Archive for December, 2012

Happy Festivus for the rest of us, or how your belief system at work may dictate the real culture of the organisation.

Monday, December 10th, 2012

 Festivus  is Seinfeld’s alt version of the Winter solstice celebrations, although in my household we prefer the lighter, warmer and more presents alternative from the OC. (“Chrismukkah : 8 days of presents followed by 1 day of many presents”).

 Since it is that time of year when thoughts turn to parties, presents and of course spiritual joy here’s a thought about how the culture of your organisation is almost certainly inspired by one of 3 belief systems as described by Zen thinker Alan Watts.

 His thinking on 3 of the major world religions has inspired me to consider the analogies with the workplace. Before I continue (and possibly begin offending some people which is not my intent) I should point out that Watts was not a priest, a monk or a guru. He simply called himself “A spiritual entertainer, with nothing at all to sell”. His “act” was explaining Eastern religions to Western audiences. He made things simple. As such, the ideas I’m about to explore are based on very simplified comparisons of three major religions.

 He summed them up like this: in Judeo-Christianity, the universe is a construct (God made it); in Buddhism, the universe is an organism (everything is interdependent on everything else); in Hinduism, the Universe is a drama (we are all aspects of the Supreme being, acting out different paths).

It strikes me that most companies work in one of these three ways. If Hinduism is a drama or a game, there are obviously levels to progress through, and the secret to success is to understand the game and how to play it (admittedly the real secret is to see beyond the game – but we’re talking about management styles here, not enlightenment!).  If your work place is like this, then you need to work out how to win at the politics at play in order to progress.   Buddhism is an organism.  Everything is connected and interdependent and you cannot have light without dark, brilliance without pain or success without loss.  This kind of organisation rewards team efforts.  You won’t succeed there by being a star yourself but by driving collective success.  They will accept failures because they believe that they are both inevitable sometimes and that they give people the best possible lessons.   Judeo-Christianity is different again.  It is a world that has been constructed by one ruler.  If you work hard within the system then you are rewarded by that ruler.  This kind of company will have a strong and rigid structure, clear hierarchy and you will succeed if you do as you are told.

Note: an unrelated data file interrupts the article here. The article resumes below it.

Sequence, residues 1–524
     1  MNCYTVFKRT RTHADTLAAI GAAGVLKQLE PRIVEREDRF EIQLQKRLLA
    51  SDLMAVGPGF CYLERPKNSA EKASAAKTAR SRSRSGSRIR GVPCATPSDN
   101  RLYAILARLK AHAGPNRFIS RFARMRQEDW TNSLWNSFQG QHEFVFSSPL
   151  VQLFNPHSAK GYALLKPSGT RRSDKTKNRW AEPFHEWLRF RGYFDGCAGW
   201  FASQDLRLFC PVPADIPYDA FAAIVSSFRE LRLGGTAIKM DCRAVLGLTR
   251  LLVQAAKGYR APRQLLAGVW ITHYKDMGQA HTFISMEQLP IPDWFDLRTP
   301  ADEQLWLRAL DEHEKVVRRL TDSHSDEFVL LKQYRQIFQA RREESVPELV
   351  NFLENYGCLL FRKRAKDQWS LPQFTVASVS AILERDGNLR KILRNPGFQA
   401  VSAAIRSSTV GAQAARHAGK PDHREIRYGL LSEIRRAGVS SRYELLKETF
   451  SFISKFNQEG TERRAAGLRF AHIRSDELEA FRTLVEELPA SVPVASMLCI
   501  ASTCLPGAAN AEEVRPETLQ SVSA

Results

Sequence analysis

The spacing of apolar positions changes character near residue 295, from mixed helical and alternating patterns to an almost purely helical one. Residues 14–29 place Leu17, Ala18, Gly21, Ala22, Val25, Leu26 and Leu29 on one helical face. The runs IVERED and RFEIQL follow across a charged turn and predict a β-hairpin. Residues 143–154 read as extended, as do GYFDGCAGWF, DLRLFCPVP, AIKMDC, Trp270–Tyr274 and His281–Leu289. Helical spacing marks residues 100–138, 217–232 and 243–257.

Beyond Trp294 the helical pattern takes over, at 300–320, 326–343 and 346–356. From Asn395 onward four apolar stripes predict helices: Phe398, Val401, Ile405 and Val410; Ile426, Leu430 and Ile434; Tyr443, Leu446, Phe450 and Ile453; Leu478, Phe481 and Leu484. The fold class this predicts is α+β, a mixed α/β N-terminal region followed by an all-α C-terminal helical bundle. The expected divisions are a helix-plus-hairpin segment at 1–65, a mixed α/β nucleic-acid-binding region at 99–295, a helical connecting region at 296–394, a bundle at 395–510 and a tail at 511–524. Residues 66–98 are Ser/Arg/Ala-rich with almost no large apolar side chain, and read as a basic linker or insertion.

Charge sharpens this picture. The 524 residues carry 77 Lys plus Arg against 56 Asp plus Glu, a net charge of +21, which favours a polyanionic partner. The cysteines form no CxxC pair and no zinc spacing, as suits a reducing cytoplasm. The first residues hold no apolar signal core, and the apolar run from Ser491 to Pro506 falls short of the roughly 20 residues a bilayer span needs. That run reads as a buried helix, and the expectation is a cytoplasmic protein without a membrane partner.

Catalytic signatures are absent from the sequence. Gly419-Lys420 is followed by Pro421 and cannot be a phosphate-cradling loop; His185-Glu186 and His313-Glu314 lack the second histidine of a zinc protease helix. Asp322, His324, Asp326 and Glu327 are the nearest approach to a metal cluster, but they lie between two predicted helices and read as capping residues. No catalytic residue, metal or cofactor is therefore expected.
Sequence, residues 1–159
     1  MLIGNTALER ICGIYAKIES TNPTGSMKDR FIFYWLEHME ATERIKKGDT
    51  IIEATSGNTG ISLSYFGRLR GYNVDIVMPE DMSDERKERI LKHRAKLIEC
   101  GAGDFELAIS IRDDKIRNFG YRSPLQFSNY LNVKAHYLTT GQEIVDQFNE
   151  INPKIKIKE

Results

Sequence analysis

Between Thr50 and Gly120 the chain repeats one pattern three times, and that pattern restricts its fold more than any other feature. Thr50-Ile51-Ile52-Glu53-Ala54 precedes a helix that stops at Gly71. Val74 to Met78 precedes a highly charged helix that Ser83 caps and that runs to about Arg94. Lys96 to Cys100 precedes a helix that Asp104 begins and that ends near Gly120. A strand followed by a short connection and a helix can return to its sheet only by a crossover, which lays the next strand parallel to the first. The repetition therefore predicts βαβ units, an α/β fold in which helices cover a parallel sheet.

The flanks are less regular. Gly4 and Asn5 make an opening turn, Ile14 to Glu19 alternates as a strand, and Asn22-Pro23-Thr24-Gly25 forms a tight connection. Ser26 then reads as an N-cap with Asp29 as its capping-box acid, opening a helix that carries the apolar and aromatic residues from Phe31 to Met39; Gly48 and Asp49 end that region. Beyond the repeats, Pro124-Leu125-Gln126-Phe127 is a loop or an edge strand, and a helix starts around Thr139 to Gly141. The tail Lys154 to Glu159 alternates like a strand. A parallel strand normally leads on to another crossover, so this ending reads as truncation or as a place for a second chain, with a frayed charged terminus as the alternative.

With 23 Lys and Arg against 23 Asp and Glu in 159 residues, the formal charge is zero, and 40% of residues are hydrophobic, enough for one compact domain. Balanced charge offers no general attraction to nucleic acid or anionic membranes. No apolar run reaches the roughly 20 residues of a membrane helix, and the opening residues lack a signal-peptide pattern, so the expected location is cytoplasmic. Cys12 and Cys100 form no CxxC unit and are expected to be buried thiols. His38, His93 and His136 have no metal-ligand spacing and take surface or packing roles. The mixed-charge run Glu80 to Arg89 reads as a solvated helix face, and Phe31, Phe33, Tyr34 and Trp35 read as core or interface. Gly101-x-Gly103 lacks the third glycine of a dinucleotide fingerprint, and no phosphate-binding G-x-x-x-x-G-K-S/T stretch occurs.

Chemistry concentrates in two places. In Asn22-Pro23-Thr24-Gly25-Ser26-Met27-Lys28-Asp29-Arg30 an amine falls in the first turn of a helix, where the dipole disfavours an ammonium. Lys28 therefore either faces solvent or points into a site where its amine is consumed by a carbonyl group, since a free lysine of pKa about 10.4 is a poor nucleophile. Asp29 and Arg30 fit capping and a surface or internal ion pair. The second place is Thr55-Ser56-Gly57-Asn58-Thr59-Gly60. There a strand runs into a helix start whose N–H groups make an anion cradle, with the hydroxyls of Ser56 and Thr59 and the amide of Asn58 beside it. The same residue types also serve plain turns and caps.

What kind of business do you work in ?  If you’re not sure, think of the language the business uses: did the senior management “build” the company, or did you all “grow” it?

Is the business consistent?  Does it behave in one way with its spoken cultural agenda, but in a different way with its rewards system ?

Perhaps more pertinently, which kind of business are you best suited to succeed in?   Take some time this Chrismukkah to think it through for 2013.